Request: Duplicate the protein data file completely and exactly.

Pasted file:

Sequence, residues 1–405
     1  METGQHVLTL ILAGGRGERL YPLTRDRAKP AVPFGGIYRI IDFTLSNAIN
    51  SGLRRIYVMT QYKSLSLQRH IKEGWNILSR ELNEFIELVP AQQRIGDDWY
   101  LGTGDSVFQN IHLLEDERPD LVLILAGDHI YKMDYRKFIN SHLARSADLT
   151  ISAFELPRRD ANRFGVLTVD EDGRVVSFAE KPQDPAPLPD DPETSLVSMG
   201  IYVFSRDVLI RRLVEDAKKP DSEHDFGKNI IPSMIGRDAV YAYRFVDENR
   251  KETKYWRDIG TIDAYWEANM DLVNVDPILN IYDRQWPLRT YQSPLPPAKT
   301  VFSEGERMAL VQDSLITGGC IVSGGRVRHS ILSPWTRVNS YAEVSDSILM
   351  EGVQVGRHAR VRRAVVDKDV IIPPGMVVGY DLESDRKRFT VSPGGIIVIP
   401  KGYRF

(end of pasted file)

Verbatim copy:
Sequence, residues 1–405
     1  METGQHVLTL ILAGGRGERL YPLTRDRAKP AVPFGGIYRI IDFTLSNAIN
    51  SGLRRIYVMT QYKSLSLQRH IKEGWNILSR ELNEFIELVP AQQRIGDDWY
   101  LGTGDSVFQN IHLLEDERPD LVLILAGDHI YKMDYRKFIN SHLARSADLT
   151  ISAFELPRRD ANRFGVLTVD EDGRVVSFAE KPQDPAPLPD DPETSLVSMG
   201  IYVFSRDVLI RRLVEDAKKP DSEHDFGKNI IPSMIGRDAV YAYRFVDENR
   251  KETKYWRDIG TIDAYWEANM DLVNVDPILN IYDRQWPLRT YQSPLPPAKT
   301  VFSEGERMAL VQDSLITGGC IVSGGRVRHS ILSPWTRVNS YAEVSDSILM
   351  EGVQVGRHAR VRRAVVDKDV IIPPGMVVGY DLESDRKRFT VSPGGIIVIP
   401  KGYRF